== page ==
Insurance news
ICD-10 What you Need to Know
Written by Editor   
Monday, November 03, 2014 09:21 PM

Q. When will I be required to use ICD-10-CM?

A. On October 1, 2015 all providers will be required to report ICD-10 diagnosis codes on all claims with service dates that occur on October 1st or later.

Q. Is the October 1, 2015 date flexible? Will I be able to report ICD-9-CM after that time?

ACA Letter to Time Magazine
Thursday, October 30, 2014 10:46 PM

The American Chiropractic Association has written a letter to Time Magazine regarding their coverage of opioid abuse in the US.  Says the ACA:  

Doctors of Chiropractic (DCs) appreciate Time magazine bringing attention to the problem of opioid overuse and abuse in the United States (“For Back Pain or Headache, Painkillers Do More Harm than Good”). We agree wholeheartedly with Dr. Jane Ballantyne’s comment that, “We shouldn’t be resorting to pills as a first resort; they should very much be a last resort.” The problem for many patients is simply that they are unaware of effective non-drug approaches to pain management. Services delivered by chiropractic physicians have been shown to assist with chronic pain and reduce reliance on narcotic medications. Conservative management early in the care process may also result in reduction of both prescription use and spine surgeries.

According to VA officials, more than 600,000 veterans use opioid painkillers, and experts say they often contribute to job loss, family strife, homelessness and suicide as well as weight gain, diabetes and heart disease. Facing the same problem in its ranks, the U.S. military is now investigating chiropractic services and other conservative treatment strategies to mitigate the alarming rate of opioid abuse and addiction among troops. By reducing medication use and abuse, these strategies may indeed contribute to battle-readiness. Early results of that research (Goertz, Spine 2013) show that combining chiropractic manipulative treatment with medical care provides significant improvement in lessening pain and enhancing solider readiness.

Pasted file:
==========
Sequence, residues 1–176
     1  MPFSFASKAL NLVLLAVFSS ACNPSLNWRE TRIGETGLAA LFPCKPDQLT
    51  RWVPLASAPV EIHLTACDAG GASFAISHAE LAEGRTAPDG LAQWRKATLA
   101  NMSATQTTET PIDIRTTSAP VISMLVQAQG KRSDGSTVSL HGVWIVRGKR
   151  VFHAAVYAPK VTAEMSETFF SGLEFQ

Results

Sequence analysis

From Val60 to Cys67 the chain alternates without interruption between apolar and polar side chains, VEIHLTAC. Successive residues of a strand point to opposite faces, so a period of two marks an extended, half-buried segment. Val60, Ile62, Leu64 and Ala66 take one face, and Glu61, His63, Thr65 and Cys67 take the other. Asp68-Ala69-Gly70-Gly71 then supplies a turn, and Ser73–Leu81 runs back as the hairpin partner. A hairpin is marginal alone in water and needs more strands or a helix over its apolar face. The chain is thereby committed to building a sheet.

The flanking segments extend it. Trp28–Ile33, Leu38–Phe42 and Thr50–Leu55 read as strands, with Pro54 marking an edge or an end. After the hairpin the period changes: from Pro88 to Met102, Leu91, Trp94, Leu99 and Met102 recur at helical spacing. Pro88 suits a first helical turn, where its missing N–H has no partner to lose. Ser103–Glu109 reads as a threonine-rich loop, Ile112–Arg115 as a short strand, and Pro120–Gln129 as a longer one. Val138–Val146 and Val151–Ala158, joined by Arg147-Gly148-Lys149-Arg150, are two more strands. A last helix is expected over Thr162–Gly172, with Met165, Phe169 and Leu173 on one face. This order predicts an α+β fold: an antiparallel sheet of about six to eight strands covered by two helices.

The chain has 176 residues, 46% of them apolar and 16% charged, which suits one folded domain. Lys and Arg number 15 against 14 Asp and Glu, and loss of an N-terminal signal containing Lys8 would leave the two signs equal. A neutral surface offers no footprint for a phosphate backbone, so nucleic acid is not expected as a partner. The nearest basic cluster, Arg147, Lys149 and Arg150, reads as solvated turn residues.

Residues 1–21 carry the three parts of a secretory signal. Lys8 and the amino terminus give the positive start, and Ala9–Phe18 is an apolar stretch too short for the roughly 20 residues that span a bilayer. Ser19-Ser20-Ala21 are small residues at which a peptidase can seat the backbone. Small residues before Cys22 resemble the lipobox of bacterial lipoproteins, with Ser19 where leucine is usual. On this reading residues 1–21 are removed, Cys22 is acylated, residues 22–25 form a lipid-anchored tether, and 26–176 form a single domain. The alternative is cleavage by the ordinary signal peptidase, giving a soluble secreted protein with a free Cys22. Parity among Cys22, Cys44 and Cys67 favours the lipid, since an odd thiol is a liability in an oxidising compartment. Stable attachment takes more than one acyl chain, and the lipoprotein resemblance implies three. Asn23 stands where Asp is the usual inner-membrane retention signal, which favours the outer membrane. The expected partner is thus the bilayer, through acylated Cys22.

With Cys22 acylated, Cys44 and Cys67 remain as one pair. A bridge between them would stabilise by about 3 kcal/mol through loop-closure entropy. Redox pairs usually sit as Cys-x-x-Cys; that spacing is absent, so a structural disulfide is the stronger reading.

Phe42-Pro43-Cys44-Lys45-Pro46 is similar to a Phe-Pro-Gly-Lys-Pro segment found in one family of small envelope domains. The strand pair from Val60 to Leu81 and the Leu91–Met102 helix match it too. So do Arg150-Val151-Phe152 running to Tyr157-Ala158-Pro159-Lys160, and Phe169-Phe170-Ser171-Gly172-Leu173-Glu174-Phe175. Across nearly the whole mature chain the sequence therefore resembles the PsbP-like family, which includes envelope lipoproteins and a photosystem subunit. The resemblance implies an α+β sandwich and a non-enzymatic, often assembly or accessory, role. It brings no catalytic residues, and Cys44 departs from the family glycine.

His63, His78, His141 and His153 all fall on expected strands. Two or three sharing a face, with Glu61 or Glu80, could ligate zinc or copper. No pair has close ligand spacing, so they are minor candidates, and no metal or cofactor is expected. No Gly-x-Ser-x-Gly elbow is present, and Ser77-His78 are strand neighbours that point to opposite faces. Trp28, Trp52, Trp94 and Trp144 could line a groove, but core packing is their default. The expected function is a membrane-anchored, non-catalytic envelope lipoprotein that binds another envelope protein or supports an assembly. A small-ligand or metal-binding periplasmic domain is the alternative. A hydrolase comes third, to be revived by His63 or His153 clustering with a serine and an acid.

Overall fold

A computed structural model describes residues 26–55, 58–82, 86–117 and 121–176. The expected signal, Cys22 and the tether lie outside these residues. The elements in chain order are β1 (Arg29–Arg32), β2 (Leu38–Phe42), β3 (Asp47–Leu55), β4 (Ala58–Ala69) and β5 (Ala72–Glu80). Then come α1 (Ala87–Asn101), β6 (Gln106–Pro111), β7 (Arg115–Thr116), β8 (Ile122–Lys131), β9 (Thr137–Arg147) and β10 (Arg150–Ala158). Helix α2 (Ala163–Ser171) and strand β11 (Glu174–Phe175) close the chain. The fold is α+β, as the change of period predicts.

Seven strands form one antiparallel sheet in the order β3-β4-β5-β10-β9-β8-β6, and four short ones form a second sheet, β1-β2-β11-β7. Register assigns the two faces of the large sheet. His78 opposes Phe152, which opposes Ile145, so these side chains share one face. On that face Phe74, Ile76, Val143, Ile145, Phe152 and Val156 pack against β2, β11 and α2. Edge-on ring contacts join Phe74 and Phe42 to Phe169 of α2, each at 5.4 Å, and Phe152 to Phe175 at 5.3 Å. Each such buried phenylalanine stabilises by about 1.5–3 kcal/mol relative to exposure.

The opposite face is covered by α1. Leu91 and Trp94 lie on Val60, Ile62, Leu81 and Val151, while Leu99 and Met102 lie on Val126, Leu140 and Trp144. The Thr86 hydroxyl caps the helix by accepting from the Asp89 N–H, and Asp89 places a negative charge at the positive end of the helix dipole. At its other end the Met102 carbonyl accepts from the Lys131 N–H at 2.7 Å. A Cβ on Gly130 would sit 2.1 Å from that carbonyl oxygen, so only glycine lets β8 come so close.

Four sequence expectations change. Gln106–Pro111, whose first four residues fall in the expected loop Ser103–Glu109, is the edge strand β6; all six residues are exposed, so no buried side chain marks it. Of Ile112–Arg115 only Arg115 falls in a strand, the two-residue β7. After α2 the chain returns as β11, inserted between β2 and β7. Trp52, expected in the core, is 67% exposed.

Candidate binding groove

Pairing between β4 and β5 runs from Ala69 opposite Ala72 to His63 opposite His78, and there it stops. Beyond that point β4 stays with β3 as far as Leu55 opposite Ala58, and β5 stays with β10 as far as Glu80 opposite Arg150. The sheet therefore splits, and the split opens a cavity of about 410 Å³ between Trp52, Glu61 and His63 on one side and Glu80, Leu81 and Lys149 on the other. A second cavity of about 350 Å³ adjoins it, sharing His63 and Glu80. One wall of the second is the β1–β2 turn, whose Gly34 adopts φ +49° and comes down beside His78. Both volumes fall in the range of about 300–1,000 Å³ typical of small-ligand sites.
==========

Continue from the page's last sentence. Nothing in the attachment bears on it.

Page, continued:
Stemming our country’s opioid epidemic will require multifactorial strategies. One potential safe, effective and value-driven solution is educating and encouraging patients to exhaust conservative-care options first.

U.S. Diets Still Contain Too Many Bad Fats
Written by Editor   
Tuesday, October 28, 2014 07:33 AM

Over the last three decades, Americans have cut their intake of artery-clogging saturated and trans fats -- but not enough, new research shows.

Meanwhile, consumption of healthy omega-3 fatty acids known as DHA and EPA -- plentiful in fatty fish like salmon -- has remained steady, though very low, the experts found.

"These trends are encouraging, but we still have room for improvement in our diet,"

Lumbar Spine Surgery, That's Depressing
Written by Editor   
Tuesday, October 28, 2014 07:01 AM

Depressive symptoms are associated with poorer long-term outcome in patients undergoing surgery for lumbar spinal stenosis (LSS), according to research published in the Oct. 1 issue of The Spine Journal.

The researchers found that patients with a high depressive burden were more likely to have poorer outcome of surgery for LSS at five years, according to the Oswestry Disability Index (ODI). Linear regression analysis showed that high depressive burden was associated with higher ODI score.

"Even slightly elevated long-term depressive symptoms in LSS patients are associated with an increased risk of a poorer functional ability after decompressive surgery," the authors write. "To conclude, our results strongly suggest that even subclinical depressive symptoms in LSS patients should not be ignored at any phase of the rehabilitation period."

Walnuts Appear to Delay Onset of Alzheimer’s
Written by Editor   
Tuesday, October 28, 2014 06:55 AM

A handful of walnuts a day may help keep Alzheimer’s disease at bay, a new study has found.

Researchers at the New York State Institute for Basic Research in Developmental Disabilities said experiments with Alzheimer’s-susceptible mice found that subjects that consumed walnuts showed significant improvement in their learning skills and memory compared with mice without them in their diet. 

The study also found improvement in motor skills and reduction in anxiety. The mice in the experiment consumed an amount of walnuts that would be the equivalent for humans of eating about 1 to 1.5 ounces of walnuts a day.  Walnuts rank second — just behind blackberries — on a list of 1,100 foods with anti-oxidative properties.

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